Monday, 24 June 2019

Invisible borders

Some of the fantasists in the Conservative Party have, it seems, come up with a wizard wheeze to avoid a hard border across Ireland which, according to them, could be up and running within three years if work started now.  Given that work is not starting now, and that all government projects over-run, it might be available in about five to ten years’ time, I suppose.  The problem is that it does not, in fact, avoid the need for a hard border at all, it merely avoids the need for infrastructure on the border itself, by moving the effective border to farms and factories wherever they may be found.  Like all the so-called ‘alternative arrangements’, it confuses the issue of there being a border with that border being visible at a specific geographic location, as though it is the location of the border – rather than the obstacles it raises – which is the problem.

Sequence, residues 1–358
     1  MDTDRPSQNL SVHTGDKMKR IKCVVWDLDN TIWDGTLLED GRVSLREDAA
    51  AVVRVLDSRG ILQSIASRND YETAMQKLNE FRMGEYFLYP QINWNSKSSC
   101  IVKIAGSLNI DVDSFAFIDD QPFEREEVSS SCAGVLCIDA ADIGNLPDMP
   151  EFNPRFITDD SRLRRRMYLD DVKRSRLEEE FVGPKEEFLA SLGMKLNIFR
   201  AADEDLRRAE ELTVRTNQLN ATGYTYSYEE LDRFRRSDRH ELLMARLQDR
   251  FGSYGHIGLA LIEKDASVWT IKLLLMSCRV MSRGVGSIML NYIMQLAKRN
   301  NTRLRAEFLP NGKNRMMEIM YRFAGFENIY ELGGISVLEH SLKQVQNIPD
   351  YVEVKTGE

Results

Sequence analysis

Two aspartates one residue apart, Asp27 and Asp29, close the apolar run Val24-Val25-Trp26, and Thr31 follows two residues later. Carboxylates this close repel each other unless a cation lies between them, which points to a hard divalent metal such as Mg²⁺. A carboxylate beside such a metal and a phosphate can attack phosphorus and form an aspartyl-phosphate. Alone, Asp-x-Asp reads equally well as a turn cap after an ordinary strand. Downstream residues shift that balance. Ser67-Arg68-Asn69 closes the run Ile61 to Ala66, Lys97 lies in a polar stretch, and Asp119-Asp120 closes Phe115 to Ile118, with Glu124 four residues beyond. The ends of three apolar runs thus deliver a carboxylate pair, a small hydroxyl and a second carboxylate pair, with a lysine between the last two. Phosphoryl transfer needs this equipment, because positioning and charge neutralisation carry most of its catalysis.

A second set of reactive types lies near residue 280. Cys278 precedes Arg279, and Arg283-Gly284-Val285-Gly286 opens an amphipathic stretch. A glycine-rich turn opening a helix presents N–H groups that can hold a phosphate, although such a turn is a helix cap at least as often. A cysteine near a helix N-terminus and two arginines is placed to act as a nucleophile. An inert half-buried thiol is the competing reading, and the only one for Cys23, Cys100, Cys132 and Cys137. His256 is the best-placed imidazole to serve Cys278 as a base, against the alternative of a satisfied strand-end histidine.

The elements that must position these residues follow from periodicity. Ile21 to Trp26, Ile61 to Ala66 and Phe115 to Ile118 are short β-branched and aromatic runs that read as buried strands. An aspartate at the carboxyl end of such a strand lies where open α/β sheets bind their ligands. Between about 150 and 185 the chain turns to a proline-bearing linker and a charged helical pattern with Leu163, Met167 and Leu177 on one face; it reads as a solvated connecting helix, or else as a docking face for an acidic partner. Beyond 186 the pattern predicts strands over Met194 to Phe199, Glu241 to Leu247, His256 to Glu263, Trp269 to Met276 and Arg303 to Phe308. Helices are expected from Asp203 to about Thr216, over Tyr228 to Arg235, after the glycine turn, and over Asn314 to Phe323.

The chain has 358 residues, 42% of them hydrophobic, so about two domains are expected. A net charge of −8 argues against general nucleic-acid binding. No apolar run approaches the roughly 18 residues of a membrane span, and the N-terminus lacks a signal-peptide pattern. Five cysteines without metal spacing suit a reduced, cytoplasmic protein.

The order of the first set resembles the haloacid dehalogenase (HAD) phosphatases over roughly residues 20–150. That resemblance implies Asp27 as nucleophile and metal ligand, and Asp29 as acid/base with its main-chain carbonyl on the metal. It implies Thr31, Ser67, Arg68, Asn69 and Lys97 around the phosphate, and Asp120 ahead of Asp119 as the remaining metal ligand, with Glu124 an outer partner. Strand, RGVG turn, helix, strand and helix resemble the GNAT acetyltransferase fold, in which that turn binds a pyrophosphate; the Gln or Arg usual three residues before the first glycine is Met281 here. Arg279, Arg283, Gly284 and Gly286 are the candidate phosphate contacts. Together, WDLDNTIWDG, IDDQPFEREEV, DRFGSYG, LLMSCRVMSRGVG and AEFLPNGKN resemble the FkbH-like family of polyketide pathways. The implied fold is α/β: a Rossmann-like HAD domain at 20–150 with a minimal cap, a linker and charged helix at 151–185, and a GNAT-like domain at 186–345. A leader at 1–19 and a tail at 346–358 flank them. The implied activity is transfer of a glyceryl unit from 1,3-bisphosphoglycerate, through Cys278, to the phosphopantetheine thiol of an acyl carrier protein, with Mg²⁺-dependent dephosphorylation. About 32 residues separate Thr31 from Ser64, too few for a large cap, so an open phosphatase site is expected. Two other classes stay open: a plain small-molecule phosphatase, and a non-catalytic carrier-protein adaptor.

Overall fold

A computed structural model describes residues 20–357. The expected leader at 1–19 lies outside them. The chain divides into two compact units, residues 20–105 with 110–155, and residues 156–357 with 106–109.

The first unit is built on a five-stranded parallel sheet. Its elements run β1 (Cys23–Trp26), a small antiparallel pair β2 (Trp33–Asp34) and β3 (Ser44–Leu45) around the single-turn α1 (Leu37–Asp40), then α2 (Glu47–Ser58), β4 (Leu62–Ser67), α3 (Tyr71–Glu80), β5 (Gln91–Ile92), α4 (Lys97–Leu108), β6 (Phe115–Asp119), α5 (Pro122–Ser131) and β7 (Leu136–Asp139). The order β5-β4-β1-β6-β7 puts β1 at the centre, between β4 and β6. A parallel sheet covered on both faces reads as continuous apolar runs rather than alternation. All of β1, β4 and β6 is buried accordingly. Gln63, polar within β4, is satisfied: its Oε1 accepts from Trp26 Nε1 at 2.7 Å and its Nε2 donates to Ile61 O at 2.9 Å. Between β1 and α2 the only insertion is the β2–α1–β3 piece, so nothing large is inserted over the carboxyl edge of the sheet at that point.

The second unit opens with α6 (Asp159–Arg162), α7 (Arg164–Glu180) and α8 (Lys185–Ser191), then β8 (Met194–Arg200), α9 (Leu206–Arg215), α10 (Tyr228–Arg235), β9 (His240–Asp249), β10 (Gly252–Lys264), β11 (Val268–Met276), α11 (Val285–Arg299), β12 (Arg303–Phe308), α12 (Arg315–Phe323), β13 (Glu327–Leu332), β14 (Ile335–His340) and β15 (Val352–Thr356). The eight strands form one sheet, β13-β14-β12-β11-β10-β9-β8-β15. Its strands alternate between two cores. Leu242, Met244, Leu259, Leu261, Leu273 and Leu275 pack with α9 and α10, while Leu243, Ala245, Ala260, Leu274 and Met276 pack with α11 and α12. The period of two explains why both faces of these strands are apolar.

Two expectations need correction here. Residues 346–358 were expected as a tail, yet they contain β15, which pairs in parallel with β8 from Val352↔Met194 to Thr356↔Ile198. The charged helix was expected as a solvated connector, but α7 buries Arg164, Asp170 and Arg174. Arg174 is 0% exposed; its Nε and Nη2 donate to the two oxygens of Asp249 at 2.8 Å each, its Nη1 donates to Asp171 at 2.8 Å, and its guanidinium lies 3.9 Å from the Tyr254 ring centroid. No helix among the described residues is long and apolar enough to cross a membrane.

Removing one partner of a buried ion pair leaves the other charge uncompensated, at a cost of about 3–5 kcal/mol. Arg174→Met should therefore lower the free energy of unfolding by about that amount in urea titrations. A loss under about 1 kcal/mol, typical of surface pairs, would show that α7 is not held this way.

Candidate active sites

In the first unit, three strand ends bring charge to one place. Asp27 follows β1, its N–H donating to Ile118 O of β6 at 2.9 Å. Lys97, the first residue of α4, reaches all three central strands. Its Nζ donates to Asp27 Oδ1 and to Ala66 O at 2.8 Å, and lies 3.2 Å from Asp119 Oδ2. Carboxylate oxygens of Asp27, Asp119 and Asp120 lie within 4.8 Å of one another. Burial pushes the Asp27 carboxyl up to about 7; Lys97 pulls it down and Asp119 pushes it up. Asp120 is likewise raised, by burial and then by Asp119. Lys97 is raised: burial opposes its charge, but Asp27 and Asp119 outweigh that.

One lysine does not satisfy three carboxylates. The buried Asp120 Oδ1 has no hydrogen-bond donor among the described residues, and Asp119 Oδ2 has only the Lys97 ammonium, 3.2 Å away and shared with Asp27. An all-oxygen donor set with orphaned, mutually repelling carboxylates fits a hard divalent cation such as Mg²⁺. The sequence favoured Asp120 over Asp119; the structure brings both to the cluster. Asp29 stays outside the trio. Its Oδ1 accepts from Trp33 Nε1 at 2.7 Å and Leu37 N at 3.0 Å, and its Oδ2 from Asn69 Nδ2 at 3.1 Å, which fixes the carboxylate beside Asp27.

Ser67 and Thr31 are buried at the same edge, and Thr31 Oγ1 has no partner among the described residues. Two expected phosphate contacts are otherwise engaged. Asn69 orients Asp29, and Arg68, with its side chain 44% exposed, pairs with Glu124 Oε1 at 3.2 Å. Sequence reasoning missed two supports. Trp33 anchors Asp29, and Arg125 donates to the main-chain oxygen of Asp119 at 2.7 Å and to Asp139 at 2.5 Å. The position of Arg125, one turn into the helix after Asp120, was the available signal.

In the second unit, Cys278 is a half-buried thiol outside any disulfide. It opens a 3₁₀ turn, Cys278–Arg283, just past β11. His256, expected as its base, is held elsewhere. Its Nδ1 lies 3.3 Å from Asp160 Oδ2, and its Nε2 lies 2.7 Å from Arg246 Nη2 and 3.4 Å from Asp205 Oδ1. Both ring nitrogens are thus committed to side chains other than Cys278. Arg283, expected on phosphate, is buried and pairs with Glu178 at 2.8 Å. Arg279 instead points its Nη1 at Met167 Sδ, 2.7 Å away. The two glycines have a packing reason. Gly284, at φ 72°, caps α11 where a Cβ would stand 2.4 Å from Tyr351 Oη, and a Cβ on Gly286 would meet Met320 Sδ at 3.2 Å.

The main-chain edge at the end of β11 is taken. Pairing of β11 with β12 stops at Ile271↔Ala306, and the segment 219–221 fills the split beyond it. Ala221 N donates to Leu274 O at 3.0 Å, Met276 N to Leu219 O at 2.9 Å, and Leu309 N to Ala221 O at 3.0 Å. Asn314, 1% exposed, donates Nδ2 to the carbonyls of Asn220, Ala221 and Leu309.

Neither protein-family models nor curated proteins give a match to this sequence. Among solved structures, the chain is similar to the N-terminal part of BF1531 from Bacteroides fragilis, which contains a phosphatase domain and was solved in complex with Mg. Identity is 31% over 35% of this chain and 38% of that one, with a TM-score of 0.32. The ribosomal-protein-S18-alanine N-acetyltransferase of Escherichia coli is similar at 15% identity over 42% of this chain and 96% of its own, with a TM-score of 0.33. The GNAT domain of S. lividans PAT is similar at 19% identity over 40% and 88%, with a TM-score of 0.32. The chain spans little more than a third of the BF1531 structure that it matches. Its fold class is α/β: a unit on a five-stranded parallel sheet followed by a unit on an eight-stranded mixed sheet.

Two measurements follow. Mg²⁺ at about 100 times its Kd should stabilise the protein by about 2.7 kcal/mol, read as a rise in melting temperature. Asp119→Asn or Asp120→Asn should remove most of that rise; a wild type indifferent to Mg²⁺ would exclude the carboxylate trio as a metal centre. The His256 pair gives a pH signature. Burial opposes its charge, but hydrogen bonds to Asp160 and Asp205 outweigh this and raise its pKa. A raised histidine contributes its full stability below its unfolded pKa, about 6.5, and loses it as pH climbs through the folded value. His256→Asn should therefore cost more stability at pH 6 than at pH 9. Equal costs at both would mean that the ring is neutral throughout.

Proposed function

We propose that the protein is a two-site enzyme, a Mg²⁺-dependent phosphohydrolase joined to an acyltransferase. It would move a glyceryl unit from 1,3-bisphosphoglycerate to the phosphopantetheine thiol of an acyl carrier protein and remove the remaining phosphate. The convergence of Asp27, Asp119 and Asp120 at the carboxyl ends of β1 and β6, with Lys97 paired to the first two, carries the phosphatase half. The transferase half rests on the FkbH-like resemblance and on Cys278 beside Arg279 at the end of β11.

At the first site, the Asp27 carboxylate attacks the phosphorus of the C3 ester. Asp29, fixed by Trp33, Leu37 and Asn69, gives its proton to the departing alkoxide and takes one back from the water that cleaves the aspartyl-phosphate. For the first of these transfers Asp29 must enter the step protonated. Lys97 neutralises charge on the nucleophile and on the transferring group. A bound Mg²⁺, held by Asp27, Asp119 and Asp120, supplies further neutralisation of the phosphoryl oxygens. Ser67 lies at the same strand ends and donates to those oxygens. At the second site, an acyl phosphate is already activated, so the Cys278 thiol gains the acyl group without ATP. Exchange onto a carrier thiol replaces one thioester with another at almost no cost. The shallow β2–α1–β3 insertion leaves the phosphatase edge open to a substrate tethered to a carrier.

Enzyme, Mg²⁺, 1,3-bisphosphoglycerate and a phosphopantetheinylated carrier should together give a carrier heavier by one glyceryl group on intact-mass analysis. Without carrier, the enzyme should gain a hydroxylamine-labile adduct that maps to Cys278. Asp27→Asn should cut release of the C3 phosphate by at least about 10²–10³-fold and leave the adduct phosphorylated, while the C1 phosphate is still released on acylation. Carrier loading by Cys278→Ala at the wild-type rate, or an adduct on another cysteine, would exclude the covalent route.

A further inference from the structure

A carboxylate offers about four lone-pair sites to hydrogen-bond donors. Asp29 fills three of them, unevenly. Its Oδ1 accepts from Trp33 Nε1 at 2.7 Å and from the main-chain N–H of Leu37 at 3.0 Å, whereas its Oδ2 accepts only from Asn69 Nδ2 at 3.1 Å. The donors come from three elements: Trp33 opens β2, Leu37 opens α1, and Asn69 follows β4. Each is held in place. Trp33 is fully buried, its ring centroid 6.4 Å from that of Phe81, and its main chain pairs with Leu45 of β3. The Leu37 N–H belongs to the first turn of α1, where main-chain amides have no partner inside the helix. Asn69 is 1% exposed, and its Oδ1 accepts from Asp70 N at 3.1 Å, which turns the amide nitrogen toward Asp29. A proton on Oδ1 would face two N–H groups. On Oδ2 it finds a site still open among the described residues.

It gets worse.  Whilst the ‘plan’ does indeed propose a means of keeping the whole of Ireland in a single regime for many purposes, it does so by taking the Republic half-way out of the EU’s regulatory regime and putting it under the UK’s regime instead.  So, in the specific and oft-quoted case that the UK agrees to accept chlorinated chicken from the US, the ‘solution’ to preventing it going across an open border into EU territory in Ireland is that Ireland asks for and is granted an exemption from the EU’s rules on chlorinated chicken, and agrees to accept the same product itself.  In essence, it seeks to mitigate a border problem between the UK and the Republic by imposing a border of some sort between the Republic and the rest of the EU, because otherwise there is nothing to prevent Ireland becoming a back-door to the EU for non-compliant products.
The blithe, casual and arrogant assumption that this will ever be acceptable to either the EU or the Republic shows the extent to which the Anglo-British not-nationalists-at-all still don’t really understand the concept that Ireland is a sovereign state and not subject to the whims of its larger neighbour.  I’m not sure that they’ll ever get it.

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